Posted on by Sean Smith
With the new season of Mr. Robot on the way, fans are giving the site some additional security scrutiny. One user found an XSS vulnerability that would allow a malicious actor to harvest Facebook profile information, while another found a blind sql injection allowing access to a collected mailing list.
Who hacks the hackers? I am not sure, but hacker forum Nulled.io was hacked recently and their information dumped. On initial review, it appears that the software powering their site might have suffered from numerous vulnerabilities that were not addressed.
Cloudflare has an article on blind sql injection via User Agent parameter. In this case, the injection vector asks the database to sleep for a period of time. An attacker knows that the injection has worked if the web request returns after the period of time in which they have tried to make the database sleep. Once sql injection is confirmed, an attacker can use things like try to enumerate users passively or, if something like blogging software with a known DB structure, do a query to inject database values into a comments table for retrieval.
DarkReading has an interesting article on ‘10 Years Of Human Hacking’, further detailing how easy it is to get users to plug in malware laden USB drives. One story involves a marketing department taking a box worth of infected USB devices (part of a pen test) to a conference to use as giveaways.
IBM is teaching Watson to fight crime. Cybercrime, that is. Teaming up with a number of universities, the plan involves feeding security datapoints into Watson, so that Watson can learn, and start to detect patterns and emerging threats.
Biometrics followup. The FBI doesn’t feel that privacy laws should apply to their ever growing biometrics database. Meanwhile, some researchers from Binghamton University have designed a new biometric, brainwaves. Their technique involves the brain response to a series of images, which they currently feel is 100% accurate. As this biometric is influenced by external stimuli, it has the added advantage in that it can be changed. The downside? Currently needing at least 27 images (at one image per second), oh and having to wear a cap of electrodes in order to measure the response.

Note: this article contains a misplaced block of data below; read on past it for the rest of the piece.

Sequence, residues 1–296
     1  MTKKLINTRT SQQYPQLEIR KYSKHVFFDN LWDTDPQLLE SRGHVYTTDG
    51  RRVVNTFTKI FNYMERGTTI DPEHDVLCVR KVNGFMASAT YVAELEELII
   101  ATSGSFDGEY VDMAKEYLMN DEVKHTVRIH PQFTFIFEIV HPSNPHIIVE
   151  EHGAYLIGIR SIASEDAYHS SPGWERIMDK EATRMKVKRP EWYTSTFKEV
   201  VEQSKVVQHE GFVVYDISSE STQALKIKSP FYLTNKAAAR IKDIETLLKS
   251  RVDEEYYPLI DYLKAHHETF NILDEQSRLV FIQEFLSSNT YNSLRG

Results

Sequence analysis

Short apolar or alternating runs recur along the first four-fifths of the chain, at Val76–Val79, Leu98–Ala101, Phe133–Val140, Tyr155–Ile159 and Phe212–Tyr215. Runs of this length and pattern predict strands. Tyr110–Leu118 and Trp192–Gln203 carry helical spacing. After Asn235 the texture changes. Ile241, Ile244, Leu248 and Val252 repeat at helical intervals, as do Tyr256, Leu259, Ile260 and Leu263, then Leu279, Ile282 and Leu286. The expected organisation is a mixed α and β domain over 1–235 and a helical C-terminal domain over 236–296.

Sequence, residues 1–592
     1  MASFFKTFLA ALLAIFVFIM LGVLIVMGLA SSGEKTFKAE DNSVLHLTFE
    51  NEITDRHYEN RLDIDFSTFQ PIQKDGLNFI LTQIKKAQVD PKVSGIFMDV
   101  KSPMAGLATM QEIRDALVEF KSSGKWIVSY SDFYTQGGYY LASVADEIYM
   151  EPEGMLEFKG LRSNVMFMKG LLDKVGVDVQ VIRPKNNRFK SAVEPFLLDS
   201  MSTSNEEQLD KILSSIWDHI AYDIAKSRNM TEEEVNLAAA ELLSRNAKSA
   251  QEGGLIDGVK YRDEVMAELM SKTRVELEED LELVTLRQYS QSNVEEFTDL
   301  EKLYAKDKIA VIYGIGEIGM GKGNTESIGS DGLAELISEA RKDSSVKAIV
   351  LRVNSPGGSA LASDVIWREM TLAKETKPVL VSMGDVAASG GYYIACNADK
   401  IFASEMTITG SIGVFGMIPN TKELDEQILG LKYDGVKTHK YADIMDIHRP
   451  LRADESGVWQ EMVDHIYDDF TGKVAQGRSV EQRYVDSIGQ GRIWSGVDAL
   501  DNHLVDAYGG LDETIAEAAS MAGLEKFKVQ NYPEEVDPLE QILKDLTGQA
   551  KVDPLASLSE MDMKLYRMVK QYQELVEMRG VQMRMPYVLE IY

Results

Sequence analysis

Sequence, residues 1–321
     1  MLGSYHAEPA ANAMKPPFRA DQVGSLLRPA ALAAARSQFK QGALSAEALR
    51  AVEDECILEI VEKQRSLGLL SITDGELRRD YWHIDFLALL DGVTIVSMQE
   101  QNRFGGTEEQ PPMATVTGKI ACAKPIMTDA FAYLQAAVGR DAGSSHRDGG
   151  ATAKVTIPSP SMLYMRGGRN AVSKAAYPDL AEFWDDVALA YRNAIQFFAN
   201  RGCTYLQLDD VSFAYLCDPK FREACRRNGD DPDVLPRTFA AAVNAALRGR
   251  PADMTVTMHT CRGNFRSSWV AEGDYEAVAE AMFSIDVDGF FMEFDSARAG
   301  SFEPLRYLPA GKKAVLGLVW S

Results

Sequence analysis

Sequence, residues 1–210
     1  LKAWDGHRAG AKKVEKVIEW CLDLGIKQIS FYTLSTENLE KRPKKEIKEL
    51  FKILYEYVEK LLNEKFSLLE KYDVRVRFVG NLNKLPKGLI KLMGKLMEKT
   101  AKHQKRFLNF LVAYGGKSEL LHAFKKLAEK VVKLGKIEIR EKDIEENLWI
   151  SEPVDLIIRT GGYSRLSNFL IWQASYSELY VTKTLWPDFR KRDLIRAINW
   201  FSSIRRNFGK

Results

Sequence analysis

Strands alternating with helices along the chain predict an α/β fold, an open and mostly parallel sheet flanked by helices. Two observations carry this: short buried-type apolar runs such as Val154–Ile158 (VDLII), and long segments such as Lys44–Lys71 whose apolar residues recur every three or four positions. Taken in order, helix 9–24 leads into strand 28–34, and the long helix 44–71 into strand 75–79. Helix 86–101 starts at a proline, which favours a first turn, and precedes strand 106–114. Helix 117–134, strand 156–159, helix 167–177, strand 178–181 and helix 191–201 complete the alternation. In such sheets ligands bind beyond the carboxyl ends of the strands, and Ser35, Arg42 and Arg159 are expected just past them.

Those interested in learning more about ‘ransomware-as-a-service’ will probably be interested in Checkpoint’s great rundown of the Nuclear Exploit Kit. Nuclear allows anyone willing to pay to launch ‘malware campaigns’, complete with fancy dashboards and statistics.
Attackers continue to exploit point of sale terminals, starting with Wendy’s owning up to a major data breach targeting their POS system. Said breach ‘only’ impacted a secondary POS system at 5% of their North American restaurants, but had major impact to several credit unions who had previously reported fraud stemming from Wendy’s customers. Meanwhile, Fireye recently discovered an exploit for Windows based POS terminals, which they dub ‘Punchbuggy’, which would have allowed full access to the PoS system. Is it any surprise that the PCI Security Standards Council will be requiring better security measures for companies that accept payment information.
Posted on by Sean Smith
The other day, my company ran a ‘Capture The Flag’ exercise, where developers attempted to complete a series of hacking challenges against a running server (set up by our VP of R&D).
The majority of the exercise revolved around application security, where the attacker would gain more and more information to gain further and further access.